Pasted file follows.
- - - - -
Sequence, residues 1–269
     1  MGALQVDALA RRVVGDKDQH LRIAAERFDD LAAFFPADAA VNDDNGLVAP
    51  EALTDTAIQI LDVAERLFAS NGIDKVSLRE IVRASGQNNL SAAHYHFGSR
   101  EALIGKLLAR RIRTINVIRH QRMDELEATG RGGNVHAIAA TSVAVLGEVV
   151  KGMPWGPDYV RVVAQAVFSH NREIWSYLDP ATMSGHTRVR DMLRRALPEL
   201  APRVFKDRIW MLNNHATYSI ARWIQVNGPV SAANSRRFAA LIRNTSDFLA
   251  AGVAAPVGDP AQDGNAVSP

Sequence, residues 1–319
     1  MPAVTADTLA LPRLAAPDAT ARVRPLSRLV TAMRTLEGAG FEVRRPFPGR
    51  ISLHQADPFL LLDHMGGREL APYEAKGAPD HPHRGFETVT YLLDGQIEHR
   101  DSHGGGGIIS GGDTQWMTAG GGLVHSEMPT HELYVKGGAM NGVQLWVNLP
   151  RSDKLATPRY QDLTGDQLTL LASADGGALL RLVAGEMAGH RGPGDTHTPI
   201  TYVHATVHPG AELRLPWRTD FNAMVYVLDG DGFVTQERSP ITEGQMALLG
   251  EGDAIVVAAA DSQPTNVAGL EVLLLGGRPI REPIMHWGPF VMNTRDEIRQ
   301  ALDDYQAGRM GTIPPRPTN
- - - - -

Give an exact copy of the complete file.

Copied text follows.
Sequence, residues 1–269
     1  MGALQVDALA RRVVGDKDQH LRIAAERFDD LAAFFPADAA VNDDNGLVAP
    51  EALTDTAIQI LDVAERLFAS NGIDKVSLRE IVRASGQNNL SAAHYHFGSR
   101  EALIGKLLAR RIRTINVIRH QRMDELEATG RGGNVHAIAA TSVAVLGEVV
   151  KGMPWGPDYV RVVAQAVFSH NREIWSYLDP ATMSGHTRVR DMLRRALPEL
   201  APRVFKDRIW MLNNHATYSI ARWIQVNGPV SAANSRRFAA LIRNTSDFLA
   251  AGVAAPVGDP AQDGNAVSP

Sequence, residues 1–319
     1  MPAVTADTLA LPRLAAPDAT ARVRPLSRLV TAMRTLEGAG FEVRRPFPGR
    51  ISLHQADPFL LLDHMGGREL APYEAKGAPD HPHRGFETVT YLLDGQIEHR
   101  DSHGGGGIIS GGDTQWMTAG GGLVHSEMPT HELYVKGGAM NGVQLWVNLP
   151  RSDKLATPRY QDLTGDQLTL LASADGGALL RLVAGEMAGH RGPGDTHTPI
   201  TYVHATVHPG AELRLPWRTD FNAMVYVLDG DGFVTQERSP ITEGQMALLG
   251  EGDAIVVAAA DSQPTNVAGL EVLLLGGRPI REPIMHWGPF VMNTRDEIRQ
   301  ALDDYQAGRM GTIPPRPTN